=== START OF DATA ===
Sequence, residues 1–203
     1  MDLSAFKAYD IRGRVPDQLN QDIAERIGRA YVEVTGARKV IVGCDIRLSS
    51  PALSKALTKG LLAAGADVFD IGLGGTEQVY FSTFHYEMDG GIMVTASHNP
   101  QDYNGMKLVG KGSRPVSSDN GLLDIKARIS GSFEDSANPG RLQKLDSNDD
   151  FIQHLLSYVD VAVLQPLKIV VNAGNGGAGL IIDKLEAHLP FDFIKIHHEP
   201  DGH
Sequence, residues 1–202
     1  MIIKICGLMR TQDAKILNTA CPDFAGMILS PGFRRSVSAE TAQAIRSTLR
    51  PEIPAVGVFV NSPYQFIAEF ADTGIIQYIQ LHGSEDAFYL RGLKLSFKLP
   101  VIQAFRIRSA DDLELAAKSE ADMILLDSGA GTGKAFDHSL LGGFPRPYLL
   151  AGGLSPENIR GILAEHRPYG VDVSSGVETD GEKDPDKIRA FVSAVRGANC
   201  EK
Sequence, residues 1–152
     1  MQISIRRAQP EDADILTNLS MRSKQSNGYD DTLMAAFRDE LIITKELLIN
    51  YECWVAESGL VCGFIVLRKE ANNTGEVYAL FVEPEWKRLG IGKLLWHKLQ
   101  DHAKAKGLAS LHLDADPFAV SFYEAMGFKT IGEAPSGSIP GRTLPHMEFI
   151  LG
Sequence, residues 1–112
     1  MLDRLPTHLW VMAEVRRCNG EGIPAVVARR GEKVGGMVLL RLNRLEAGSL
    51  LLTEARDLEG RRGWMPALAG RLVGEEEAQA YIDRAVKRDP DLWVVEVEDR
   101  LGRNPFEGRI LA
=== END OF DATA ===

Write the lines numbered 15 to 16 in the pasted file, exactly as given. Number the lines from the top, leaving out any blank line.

    51  YECWVAESGL VCGFIVLRKE ANNTGEVYAL FVEPEWKRLG IGKLLWHKLQ
   101  DHAKAKGLAS LHLDADPFAV SFYEAMGFKT IGEAPSGSIP GRTLPHMEFI